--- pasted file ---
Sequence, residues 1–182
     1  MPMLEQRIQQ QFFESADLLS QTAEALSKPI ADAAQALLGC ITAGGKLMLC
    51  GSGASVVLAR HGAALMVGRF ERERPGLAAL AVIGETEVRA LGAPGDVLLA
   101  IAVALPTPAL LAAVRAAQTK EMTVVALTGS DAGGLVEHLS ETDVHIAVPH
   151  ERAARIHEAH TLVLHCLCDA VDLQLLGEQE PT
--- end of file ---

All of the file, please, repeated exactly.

Sequence, residues 1–182
     1  MPMLEQRIQQ QFFESADLLS QTAEALSKPI ADAAQALLGC ITAGGKLMLC
    51  GSGASVVLAR HGAALMVGRF ERERPGLAAL AVIGETEVRA LGAPGDVLLA
   101  IAVALPTPAL LAAVRAAQTK EMTVVALTGS DAGGLVEHLS ETDVHIAVPH
   151  ERAARIHEAH TLVLHCLCDA VDLQLLGEQE PT